The immune response to all Leishmania species as an intracellular pathogen is dependent upon a timely and appropriate Th1 response including IL-12 production by dendritic cells and macrophages, efficient MHC II presentation, and subsequent IFNy production from T cell populations. Parasite killing is dependent primarily upon intracellular killing via superoxide and nitric oxide within phagolysosomes of infected macrophages. Leishmania utilize a number of immune evasion strategies to inhibit the immune response including the interruption of DC maturation, the stimulation of anti-inflammatory cytokines such as TGF-p and IL-10, the interruption of cellular signaling of the STAT pathways necessary for IFNy production, and through the induction of CD25+, FoxP3+ T regulatory cells.

Clinical presentation varies and includes dermal lesions, splenomegaly, generalized lymphadenopathy, cachexia, anorexia, muscle wasting, polyuria and polydipsia, proteinuria, keratoconjunctivitis, nail overgrowth, and hematologic abnormalities.(2,8,14) Splenic and hepatic lesions typically consist of granulomatous splenitis characterized by variable numbers of amastigote-infected macrophages, and lymphoplasmacytic and granulomatous portal and periportal hepatitis.(14) Skin lesions are one of the most common presenting signs in endemic regions and can include nonpruritic dermatitis, ulcerative dermatitis, focal or multifocal nodular dermatitis, proliferative dermatitis, or mucocutaneous ulcerative or proliferative dermatitis.(14) With these lesions, secondary bacterial pyoderma is the most common complicating co- morbidity.(8) Histologically, these lesions are granulomatous or pyogranulomatous with acanthosis, orthokeratotic and hyperkeratotic hyperkeratosis, and ulceration with serocellular crust formation.(8) Lymphoplasmacytic vasculitis and perivasculitis may also be present. Ocular lesions may also occur in approximately 16% of patients, depending on disease severity.(11) Common manifestations are conjunctivitis, blepharitis, and anterior uveitis.(11)

Renal disease due to glomerulonephritis and interstitial nephritis is a common clinical sign of canine leishmaniasis due to Leishmania infantum, occurring in greater than 96% of symptomatic dogs. Alterations in renal function during active VL are generally reversible with anti-Leishmania therapy with antimonials or amphotericin B.(1,7) However, VL-associated kidney disease is progressive and without therapy can result in end stage renal disease (>25% of canine cases).(7,12) Renal lesions due to visceral leishmaniasis have been previously characterized as progressive glomerulonephritis including mesangial proliferative, membranoproliferative (MPGN), focal segmental glomerulosclerosis, and minimal change glomerulonephritis, and a smaller percentage with crescentic glomerulonephritis.(4,5) Multiple studies have evaluated the morphology and ultrastructural characteristics of renal lesions due to canine leishmaniasis.(4,5) Previous characterizations described a wide array of morphologic changes, primarily of a membranoproliferative and mesangial proliferative type.(4,5)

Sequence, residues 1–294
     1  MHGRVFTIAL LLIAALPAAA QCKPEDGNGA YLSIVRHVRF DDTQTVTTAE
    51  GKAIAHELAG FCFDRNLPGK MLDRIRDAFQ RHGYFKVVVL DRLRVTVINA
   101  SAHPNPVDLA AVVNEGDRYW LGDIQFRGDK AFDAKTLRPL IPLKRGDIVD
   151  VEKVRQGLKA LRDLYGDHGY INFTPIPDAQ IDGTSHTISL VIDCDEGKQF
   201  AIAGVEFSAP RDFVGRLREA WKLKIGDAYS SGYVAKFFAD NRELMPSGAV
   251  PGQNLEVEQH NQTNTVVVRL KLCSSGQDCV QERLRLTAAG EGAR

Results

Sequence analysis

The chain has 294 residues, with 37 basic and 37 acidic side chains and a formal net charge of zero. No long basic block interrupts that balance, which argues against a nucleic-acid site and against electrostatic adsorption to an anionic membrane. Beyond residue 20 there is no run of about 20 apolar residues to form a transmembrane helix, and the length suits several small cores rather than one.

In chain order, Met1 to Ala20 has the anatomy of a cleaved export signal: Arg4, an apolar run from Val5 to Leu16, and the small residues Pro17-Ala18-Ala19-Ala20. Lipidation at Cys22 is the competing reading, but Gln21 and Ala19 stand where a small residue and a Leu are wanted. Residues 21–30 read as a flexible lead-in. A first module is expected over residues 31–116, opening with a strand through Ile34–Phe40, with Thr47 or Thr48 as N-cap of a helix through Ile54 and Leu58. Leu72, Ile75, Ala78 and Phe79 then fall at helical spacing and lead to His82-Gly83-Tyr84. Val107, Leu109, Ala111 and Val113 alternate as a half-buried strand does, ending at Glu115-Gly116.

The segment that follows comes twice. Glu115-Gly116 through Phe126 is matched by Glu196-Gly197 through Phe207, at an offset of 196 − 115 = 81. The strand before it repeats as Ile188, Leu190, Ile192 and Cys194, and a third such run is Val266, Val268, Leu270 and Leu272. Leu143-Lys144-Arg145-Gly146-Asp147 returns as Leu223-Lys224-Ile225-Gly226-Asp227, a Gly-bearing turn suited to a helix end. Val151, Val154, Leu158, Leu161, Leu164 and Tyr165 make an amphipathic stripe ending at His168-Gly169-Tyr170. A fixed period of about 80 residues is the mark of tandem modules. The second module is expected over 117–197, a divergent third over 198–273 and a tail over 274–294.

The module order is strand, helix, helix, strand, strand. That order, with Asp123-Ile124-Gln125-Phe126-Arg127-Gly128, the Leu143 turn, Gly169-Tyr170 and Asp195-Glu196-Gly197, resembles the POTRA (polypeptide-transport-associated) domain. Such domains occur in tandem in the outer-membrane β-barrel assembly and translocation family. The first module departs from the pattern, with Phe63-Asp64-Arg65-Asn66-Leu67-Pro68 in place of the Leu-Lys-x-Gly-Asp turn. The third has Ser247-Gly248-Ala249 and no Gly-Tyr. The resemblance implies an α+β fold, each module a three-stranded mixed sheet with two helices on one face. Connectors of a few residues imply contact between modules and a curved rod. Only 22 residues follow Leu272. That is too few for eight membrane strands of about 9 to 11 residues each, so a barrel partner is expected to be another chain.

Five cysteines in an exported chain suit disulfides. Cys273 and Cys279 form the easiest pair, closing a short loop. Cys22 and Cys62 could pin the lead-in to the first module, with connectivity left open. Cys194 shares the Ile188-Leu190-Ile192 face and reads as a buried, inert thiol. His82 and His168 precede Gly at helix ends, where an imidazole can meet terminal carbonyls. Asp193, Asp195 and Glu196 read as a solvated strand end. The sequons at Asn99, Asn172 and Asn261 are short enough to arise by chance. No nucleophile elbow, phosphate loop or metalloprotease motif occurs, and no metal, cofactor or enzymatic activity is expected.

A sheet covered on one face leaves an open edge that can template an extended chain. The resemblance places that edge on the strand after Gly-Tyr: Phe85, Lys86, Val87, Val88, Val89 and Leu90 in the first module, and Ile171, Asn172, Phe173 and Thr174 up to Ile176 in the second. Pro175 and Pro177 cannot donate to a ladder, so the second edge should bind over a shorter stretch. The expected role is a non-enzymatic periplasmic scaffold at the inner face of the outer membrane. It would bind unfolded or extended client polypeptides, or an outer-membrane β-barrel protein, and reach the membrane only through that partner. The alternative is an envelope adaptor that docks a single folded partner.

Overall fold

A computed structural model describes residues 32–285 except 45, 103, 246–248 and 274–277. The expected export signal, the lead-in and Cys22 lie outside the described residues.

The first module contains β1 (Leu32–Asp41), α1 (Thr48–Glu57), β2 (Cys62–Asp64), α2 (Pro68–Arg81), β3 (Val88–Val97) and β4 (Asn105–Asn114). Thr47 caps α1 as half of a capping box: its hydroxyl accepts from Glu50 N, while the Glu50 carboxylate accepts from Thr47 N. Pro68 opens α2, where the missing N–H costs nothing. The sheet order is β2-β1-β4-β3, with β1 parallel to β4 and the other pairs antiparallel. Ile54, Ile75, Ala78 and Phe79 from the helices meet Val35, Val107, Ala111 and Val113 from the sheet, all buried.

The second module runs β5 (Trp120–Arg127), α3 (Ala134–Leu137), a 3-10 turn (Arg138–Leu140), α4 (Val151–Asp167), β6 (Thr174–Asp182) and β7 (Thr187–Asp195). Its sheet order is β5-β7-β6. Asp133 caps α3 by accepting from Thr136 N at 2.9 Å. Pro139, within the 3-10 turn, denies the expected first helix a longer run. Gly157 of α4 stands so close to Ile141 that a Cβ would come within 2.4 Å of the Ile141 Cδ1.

Dogs with symptomatic VL typically have a hypergammaglobulinemia and a high degree of circulating parasite antigen.(3) It is logical that immune complexes comprise glomerular deposits responsible for VL-associated MPGN. However, studies evaluating the proteins associated with these glomerular deposits have had conflicting results, with either presence or absence of lgG, lgM, or C3b in glomerular deposits.(5,10) All studies found a significant increase in the amount of L. infantum antigen and inflammatory cells within the glomerular basement membrane and mesangium.(4,5) Increased numbers of CD4+ T cells within the glomerulus of affected animals as well as increased expression of adhesion molecules ICAM-1 and P-Selectin have been characterized.(5)

JPC Diagnosis:  

Kidney: Glomerulonephritis, membranoproliferative, diffuse, severe, chronic, with multifocal to coalescing lymphoplasmacytic and histiocytic interstitial nephritis and intra-histiocytic protozoal amastigotes.

Conference Comment:  

The contributor does an excellent job of summarizing the epidemiology, pathogenesis, clinical appearance and gross/histologic features of canine leishmaniasis. Leishmania sp. produces three general types of disease in veterinary medicine: cutaneous, mucocutaneous and visceral. VL has both anthroponotic (L. donovani) and zoonotic (L. infantum) forms- dogs are the primary reservoir of zoonotic leishmaniasis.(6) VL has received a significant amount of media attention in recent years, owing to hundreds of reported cases of Old World cutaneous and (less frequently) visceral leishmaniasis in US soldiers and military working dogs deployed to Iraq or Afghanistan.(15)